Some local police officials welcome Gov. Tony Evers’ police reform proposals, but one questions whether they are the solution to recent incidents in which police actions have led to death or injury among Black people nationwide.

Evers renewed his call to pass the proposals Monday after a Kenosha police officer repeatedly shot a Black man in an incident Sunday, prompting rage, protests and rioting.

Evers has called for a special legislative session to take up his proposals. It’s not clear how far he will get with the Republican-dominated Legislature.

Assembly Speaker Robin Vos responded by announcing a task force focusing on racial disparities, educational opportunities, public safety, and police policies and standards.

Janesville Police Chief Dave Moore said many of Evers’ proposals are already in place in Janesville, and he supports them in large part.

“But I don’t know it’s going to get law enforcement agencies to where they want to be because it’s all about culture. It’s all about caring for others,” Moore said.

“I think what is effective is hiring very good people, providing them very good training, equipment, policy and supervision, all in an effort to develop this culture, this shared vision, that honors the sanctity of life and a belief in treating everyone with respect and using force appropriately,” Moore said.

“It’s going to take good police leadership to get you there,” Moore said, noting that leaders set the tone for what is acceptable behavior.

One of the governor’s proposals is a ban on chokeholds.

Chief Deputy Craig Strouse said deputies have not used chokeholds during his 26 years at the Rock County Sheriff’s Office, but he could see a rare situation when the holds are justified.

Strouse, a former jail commander, said a jailer faced with deadly force should be able to use a chokehold in self defense: “If they’re getting stabbed, they should be able to choke somebody, know what I mean?”

Moore said many of the proposals are in effect in his department, including a prohibition on chokeholds, which is part of training but not spelled out in policy.

Asked for comment, Beloit Police Chief David Zibolski issued a statement: ““I support reasonable legislation that will create better transparency with the public and ensure appropriate accountability and training of our law enforcement professionals.”

Zibolski said he is hopeful that “sound legislation” will be adopted.

Strouse said he is “extremely” comfortable with the sheriff’s office policies on use of force, but if the public sees problems, then something needs to change.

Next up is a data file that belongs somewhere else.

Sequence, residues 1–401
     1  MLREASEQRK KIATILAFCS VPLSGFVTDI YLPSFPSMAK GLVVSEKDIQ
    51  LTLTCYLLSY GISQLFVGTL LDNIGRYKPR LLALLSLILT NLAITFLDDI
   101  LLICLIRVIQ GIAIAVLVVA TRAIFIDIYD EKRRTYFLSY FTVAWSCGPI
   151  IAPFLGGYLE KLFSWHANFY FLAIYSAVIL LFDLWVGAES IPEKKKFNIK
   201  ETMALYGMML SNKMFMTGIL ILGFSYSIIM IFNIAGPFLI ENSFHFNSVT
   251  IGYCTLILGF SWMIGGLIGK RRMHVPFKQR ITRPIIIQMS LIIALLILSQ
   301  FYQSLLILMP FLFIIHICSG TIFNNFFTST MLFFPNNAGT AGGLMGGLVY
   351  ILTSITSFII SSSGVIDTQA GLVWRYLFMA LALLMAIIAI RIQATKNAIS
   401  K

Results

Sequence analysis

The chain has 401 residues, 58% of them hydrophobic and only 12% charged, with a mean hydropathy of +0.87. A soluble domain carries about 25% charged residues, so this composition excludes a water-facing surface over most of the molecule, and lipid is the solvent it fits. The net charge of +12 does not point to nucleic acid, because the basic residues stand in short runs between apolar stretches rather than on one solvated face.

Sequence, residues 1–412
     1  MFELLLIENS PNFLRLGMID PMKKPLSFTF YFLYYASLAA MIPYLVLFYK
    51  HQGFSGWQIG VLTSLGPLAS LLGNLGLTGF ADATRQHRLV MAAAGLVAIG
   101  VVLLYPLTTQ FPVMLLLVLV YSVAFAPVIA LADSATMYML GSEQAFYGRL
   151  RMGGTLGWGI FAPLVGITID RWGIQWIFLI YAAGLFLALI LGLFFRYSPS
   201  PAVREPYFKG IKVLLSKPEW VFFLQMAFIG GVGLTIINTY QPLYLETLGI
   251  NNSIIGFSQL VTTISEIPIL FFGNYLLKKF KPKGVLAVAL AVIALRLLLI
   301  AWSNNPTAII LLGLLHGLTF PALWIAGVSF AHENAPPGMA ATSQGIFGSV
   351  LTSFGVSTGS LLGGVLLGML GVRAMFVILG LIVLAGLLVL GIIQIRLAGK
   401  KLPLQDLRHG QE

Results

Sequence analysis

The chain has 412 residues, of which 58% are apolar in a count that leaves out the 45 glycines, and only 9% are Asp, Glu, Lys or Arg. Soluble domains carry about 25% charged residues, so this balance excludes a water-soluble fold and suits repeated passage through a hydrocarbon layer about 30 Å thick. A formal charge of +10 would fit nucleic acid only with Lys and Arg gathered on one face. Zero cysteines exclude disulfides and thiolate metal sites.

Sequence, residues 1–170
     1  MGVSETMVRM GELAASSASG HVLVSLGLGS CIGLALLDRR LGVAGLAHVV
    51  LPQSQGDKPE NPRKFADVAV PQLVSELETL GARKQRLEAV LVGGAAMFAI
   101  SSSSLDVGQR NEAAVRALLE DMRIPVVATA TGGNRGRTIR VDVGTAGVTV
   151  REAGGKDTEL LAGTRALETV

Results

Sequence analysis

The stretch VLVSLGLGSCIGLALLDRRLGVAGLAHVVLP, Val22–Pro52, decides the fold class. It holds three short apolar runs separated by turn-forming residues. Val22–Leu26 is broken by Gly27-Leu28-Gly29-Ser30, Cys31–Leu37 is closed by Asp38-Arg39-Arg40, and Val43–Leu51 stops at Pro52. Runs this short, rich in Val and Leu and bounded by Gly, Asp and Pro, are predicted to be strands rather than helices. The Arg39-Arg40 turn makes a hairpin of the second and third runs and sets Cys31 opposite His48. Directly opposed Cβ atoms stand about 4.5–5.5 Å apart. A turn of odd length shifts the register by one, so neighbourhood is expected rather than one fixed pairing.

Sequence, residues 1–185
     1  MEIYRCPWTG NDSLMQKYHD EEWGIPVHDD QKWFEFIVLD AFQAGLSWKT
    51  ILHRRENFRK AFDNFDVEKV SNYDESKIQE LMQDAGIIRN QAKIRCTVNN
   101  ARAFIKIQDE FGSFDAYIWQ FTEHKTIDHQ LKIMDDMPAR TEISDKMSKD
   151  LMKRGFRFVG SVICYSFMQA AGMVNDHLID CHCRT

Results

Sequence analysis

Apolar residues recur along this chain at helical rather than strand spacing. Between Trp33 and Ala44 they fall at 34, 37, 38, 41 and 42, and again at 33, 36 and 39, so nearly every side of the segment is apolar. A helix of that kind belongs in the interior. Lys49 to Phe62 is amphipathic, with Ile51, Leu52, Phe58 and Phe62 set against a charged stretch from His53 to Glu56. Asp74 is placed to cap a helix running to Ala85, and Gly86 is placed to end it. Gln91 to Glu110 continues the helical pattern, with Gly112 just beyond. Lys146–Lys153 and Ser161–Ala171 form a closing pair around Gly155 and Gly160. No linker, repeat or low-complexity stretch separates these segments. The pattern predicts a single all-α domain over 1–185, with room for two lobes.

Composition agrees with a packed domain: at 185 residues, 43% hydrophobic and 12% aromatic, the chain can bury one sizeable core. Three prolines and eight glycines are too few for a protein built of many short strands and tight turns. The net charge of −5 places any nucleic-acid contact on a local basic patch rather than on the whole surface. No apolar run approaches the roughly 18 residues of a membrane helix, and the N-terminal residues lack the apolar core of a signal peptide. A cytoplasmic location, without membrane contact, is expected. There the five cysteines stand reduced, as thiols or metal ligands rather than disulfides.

Sheriff Troy Knudson, who was not available for comment Tuesday, has been a leader in use-of-force training and would be a valuable resource for lawmakers, Strouse said.

Among Evers’ proposals:

  • Establish statewide use-of-force standards, including the principle that police should use the least amount of force necessary and deadly force only as a last resort.

Moore said that’s already a part of training for Janesville officers, although it’s not spelled out in policy.

The state already has policies that worked well for years and that all agencies should be using, Moore said.

  • Prohibit discipline of an officer for reporting a violation.

Moore said he has no problem with that, but: “I never heard of anybody disciplined for such a thing.”

  • Require officers to complete at least eight hours of training on use-of-force and de-escalation techniques each year.

Moore said Janesville officers get a lot more than eight hours.

  • Create a $1 million program to pay for community organizations that use evidence-based outreach and violence-interruption strategies and connect people to community supports.

“We’d welcome that. That’s right in line with what I set out in our gun-violence directives to the officers,” Moore said.

Connecting people to community supports is something police do all day long, Moore added.

  • Allow lawsuits against people who unnecessarily summon police with the intent to cause harm, such as infringe on a person’s rights or causing someone to feel harassed or humiliated.

Moore said police deal with calls from people who find that Black youths playing in a park is suspicious, for example, because the complainants have an unconscious bias against Blacks.

Officers will respond, determine there’s no threat and suggest politely to the complainer that the call wouldn’t have been made except for the skin color involved, Moore said.

The complainers were wrong, but their call to police was not an intentional attempt to cause harm because they didn’t understand their own bias, Moore said, so lawmakers should take care with how the law would be worded.

  • Require the Department of Justice to publish an annual report on use of force, including demographic information about those involved in each incident.

Moore welcomed such a report. He said it would probably show that police use force much less than people think.

  • Prohibit no-knock search warrants.

Moore doesn’t like no-knock raids, which he said could endanger officers or residents, but in some circumstances, it could be the right thing to do.

He suggested the law could be tightened, requiring judges to apply higher standards for approving no-knock warrants.

  • Require an employment file for each employee.

Moore said he would wonder why a police agency isn’t already doing that.

  • Require each candidate for positions as police officers or jailers to authorize their previous employer to disclose their employment files.

Moore said he won’t hire anyone without seeing their files from previous employers.